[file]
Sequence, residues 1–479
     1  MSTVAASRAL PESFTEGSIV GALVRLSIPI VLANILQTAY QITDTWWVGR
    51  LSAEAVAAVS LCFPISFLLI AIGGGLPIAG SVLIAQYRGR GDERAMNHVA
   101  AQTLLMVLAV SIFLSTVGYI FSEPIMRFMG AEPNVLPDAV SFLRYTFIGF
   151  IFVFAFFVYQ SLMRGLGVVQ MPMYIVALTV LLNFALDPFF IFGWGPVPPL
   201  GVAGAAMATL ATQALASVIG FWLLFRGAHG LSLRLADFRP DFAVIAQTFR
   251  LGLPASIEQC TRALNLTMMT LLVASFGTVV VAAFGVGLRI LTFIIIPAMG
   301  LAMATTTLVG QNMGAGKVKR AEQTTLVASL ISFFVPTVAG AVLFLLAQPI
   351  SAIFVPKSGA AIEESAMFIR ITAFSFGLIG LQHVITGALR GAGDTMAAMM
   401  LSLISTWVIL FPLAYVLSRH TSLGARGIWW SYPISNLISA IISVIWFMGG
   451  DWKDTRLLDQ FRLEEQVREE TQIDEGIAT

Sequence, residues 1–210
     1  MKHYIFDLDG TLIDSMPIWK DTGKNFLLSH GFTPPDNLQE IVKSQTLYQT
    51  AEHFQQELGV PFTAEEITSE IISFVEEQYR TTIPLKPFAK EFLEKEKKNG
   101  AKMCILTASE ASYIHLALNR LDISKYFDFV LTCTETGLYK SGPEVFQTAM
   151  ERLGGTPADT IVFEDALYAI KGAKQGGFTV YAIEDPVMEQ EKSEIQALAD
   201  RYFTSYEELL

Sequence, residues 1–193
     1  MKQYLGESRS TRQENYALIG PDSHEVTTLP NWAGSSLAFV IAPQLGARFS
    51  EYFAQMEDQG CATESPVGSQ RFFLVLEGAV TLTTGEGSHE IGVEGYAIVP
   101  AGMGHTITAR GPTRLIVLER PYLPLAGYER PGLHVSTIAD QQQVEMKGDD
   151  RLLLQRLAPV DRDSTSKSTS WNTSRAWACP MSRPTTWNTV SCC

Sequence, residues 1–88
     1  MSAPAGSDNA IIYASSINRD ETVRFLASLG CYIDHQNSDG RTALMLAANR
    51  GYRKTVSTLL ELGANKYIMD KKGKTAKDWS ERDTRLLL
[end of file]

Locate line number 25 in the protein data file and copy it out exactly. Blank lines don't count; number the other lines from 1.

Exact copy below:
    51  GYRKTVSTLL ELGANKYIMD KKGKTAKDWS ERDTRLLL